The Legends of the Curtis Mansion
Resting on a quiet treed hill in my hometown of Mt. Vernon (Ohio) is a dilapidated mansion built in 1853. Shrouded in mystery, the Curtis Mansion inspired my imagination as a child, and I wondered about the people who once lived in the abandoned mansion and what happened to them. I was certain the place was haunted, especially on those stormy nights when tree limbs would sway outside the darkened windows and the front gate would bang in the wind. And I also was certain something grand once happened inside its walls.
As an adult, the Curtis Mansion continued to intrigue me. I’d heard the rumors for years about a secret tunnel that ran under the house, to the family’s cemetery plot. I’d also heard that the family once harbored slaves along the Underground Railroad and they would flash signals from the towering cupola to let nearby homes on the Underground know the runaways slaves were coming. My aunt and uncle’s house (the white home in the pictures), about a half-mile away from the Curtis Mansion, was rumored to have been part of this network because of their cupola, the tunnel from their basement that led to the town square, and because the Curtis family lived at this home before they built their mansion on the hill.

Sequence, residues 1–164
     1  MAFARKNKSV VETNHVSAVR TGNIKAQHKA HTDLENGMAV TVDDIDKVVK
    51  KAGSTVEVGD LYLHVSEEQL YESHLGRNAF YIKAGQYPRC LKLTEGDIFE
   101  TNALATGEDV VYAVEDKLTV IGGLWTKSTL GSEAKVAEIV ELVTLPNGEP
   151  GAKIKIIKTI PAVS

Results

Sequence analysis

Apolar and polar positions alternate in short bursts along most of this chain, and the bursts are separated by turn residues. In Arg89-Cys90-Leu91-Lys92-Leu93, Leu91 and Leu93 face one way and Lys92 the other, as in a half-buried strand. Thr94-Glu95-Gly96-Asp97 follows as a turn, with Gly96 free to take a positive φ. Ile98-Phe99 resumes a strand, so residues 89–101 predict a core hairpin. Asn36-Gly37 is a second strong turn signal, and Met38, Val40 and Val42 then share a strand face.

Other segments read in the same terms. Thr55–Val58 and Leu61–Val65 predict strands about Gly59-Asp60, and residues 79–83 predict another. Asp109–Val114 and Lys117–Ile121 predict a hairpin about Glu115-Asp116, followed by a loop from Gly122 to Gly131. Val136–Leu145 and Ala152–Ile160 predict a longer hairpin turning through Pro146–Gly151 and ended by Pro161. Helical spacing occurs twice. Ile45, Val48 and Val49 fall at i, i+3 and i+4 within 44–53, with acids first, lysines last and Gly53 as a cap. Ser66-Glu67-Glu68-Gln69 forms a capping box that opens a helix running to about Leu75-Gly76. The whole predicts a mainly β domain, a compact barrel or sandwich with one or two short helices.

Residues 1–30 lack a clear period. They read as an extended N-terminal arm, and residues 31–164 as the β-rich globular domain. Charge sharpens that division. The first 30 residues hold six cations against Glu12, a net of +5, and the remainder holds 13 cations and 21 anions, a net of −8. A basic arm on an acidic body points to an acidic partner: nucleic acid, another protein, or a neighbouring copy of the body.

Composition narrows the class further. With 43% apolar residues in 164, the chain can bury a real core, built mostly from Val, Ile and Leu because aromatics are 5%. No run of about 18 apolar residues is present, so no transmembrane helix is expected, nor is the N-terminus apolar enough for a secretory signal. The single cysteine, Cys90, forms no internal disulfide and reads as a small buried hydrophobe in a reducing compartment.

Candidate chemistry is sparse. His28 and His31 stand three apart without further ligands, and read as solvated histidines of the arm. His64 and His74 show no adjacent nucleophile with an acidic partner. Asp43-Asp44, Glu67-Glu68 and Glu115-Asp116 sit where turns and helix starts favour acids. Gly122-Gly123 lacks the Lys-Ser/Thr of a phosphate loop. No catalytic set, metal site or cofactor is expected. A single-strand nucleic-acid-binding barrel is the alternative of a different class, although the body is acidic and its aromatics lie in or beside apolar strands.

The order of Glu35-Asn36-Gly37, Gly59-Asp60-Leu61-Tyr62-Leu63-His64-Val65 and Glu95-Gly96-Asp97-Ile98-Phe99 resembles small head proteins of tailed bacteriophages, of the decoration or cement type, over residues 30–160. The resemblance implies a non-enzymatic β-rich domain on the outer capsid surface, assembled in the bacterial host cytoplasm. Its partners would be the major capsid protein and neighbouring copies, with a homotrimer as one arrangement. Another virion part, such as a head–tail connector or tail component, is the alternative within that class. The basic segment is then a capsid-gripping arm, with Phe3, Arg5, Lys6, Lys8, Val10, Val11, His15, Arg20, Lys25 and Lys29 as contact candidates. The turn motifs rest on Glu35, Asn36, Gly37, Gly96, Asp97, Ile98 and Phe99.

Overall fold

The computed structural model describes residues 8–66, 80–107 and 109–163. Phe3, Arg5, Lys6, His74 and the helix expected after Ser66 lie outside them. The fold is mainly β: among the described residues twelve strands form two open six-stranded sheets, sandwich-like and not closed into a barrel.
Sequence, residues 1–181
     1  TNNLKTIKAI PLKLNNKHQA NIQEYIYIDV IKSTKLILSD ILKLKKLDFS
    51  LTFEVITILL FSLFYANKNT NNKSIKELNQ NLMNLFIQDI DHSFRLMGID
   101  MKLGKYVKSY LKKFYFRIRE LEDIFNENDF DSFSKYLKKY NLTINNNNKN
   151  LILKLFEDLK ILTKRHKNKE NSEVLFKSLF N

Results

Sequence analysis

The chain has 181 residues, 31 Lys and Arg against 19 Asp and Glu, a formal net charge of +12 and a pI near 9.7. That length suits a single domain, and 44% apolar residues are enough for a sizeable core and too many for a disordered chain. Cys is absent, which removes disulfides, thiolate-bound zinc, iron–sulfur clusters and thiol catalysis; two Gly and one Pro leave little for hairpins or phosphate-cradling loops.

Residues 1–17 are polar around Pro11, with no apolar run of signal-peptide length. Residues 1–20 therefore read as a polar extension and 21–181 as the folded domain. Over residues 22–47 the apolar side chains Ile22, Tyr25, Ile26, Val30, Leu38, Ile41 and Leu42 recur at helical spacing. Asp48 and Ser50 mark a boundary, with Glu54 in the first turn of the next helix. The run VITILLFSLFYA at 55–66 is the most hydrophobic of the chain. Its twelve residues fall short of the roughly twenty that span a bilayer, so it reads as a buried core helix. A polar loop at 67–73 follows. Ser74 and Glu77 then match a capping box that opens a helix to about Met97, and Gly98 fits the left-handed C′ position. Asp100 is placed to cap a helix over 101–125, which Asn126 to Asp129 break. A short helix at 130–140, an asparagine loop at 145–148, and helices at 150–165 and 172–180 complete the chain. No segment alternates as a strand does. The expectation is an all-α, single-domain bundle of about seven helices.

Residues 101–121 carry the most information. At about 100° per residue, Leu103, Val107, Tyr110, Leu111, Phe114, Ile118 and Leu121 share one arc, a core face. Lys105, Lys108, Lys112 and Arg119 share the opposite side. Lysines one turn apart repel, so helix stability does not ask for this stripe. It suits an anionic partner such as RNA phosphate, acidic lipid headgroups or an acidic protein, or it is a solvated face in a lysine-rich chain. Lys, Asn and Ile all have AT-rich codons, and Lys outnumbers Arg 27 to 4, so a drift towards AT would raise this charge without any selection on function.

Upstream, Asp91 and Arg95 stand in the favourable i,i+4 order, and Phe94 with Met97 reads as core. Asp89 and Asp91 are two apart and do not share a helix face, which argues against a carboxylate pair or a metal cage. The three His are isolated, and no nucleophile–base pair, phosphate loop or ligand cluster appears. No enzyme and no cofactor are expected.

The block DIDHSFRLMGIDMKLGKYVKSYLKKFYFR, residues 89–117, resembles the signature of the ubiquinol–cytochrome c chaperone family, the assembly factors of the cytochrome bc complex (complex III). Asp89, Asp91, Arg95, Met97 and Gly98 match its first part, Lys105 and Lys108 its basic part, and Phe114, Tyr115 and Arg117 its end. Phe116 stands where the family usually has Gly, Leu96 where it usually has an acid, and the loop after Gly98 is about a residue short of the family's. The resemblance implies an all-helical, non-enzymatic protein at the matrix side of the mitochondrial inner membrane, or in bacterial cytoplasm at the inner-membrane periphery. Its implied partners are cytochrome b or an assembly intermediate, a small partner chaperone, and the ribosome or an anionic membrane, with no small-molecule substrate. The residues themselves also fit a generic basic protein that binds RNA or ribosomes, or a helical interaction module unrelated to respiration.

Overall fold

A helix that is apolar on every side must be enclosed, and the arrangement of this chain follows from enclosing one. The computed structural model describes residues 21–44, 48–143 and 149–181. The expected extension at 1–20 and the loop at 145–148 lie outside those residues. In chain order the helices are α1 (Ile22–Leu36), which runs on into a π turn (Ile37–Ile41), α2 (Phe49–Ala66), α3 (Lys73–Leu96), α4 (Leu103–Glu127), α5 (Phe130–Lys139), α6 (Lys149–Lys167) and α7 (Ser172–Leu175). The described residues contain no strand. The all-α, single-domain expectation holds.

So I began to wonder even more. What if these rumors were true and a tunnel really led to the mausoleum? What if the tunnel once sheltered runaway slaves on their journey north? And what if a house like this could be used in some way to help people today?
One of Mt. Vernon’s librarians (who also happens to be my Aunt Janet) located a treasure trove for me–a binder filled with information about the Curtis Mansion. The rumors about the tunnel going to two separate locations. The facts about the history. Even description of the original furnishings.
After I read this information, I had to write a novel based on the rumors of this mysterious old house. And I wanted the house to come alive as a character in the book. As I started scribbling notes, the contemporary suspense novel Refuge on Crescent Hill was born. The plot was revised multiple times. New characters were introduced and others were changed. But the character of the fictional Bristow Mansion stayed the same.
Below are a few pictures of places that inspired the settings in Refuge on Crescent Hill. The Curtis Mansion today, a smaller Curtis home built down the hill (the Paxton house in the novel), and a private family cemetery nearby from a Quaker family who was also rumored to be active on the Underground.